Stock analysts are the toll-takers on the bridge that links companies to potential investors. They examine a company's performance and prospects and give it either a thumbs-up or thumbs-down. They compete 24/7 against the market and each other, tracking their buy and sell recommendations against industry averages and company stock performance.
If they beat the market consistently, they achieve star status. If they get it consistently wrong, they're out the door.
There are two types of analysts -- sell side and buy side. Each follows specific companies or business sectors. Sell-siders are short-term players, focusing primarily on predicting performance for the next quarter. They provide grist for brokers, the industry's salesmen.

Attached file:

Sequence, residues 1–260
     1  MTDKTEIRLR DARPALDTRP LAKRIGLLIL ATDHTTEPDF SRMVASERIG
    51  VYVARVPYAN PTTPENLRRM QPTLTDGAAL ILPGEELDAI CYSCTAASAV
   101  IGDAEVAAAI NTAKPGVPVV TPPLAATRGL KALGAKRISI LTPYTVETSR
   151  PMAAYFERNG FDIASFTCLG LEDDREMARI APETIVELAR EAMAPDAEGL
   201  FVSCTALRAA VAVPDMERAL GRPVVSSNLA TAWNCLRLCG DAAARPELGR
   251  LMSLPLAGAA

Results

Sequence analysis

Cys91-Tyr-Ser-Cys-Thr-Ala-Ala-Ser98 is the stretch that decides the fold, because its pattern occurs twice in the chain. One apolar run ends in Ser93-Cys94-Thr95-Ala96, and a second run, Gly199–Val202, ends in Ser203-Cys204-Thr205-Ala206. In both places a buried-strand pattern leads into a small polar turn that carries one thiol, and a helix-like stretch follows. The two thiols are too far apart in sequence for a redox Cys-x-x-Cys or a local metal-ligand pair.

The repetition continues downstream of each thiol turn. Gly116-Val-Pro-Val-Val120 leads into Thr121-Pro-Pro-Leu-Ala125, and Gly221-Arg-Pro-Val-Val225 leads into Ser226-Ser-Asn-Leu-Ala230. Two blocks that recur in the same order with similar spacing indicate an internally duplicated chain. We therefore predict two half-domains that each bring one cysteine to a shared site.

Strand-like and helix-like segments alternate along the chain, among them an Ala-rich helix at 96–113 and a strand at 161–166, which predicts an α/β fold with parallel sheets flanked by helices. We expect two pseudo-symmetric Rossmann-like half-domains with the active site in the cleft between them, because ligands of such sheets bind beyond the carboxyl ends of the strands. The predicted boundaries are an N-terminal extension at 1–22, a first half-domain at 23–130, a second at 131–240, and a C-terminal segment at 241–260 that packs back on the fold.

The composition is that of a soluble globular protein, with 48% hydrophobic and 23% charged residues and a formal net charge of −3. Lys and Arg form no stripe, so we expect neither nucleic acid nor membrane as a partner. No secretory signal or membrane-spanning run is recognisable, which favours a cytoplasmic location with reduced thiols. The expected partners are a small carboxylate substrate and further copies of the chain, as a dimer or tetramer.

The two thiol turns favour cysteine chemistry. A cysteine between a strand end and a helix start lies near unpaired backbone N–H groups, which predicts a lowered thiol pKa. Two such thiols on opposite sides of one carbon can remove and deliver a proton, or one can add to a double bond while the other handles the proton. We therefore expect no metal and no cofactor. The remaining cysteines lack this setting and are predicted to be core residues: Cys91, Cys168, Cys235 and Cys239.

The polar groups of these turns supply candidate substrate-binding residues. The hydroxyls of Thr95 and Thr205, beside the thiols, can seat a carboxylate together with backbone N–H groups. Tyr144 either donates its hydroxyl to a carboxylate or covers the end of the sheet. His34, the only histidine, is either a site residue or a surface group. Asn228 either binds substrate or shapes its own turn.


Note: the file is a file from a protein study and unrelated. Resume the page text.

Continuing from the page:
"Their goal is to churn, to encourage people to buy and sell," says Steven Gates, principal researcher for The Conference Board in Paris and a former investment and securities analyst.
In contrast, buy-side analysts work for organizations that manage stock funds or other large pools of investments. They perform similar functions as their sell-side counterparts, but since their funds may hold investments longer, they may take a longer view and enjoy more time for their recommendations to pan out.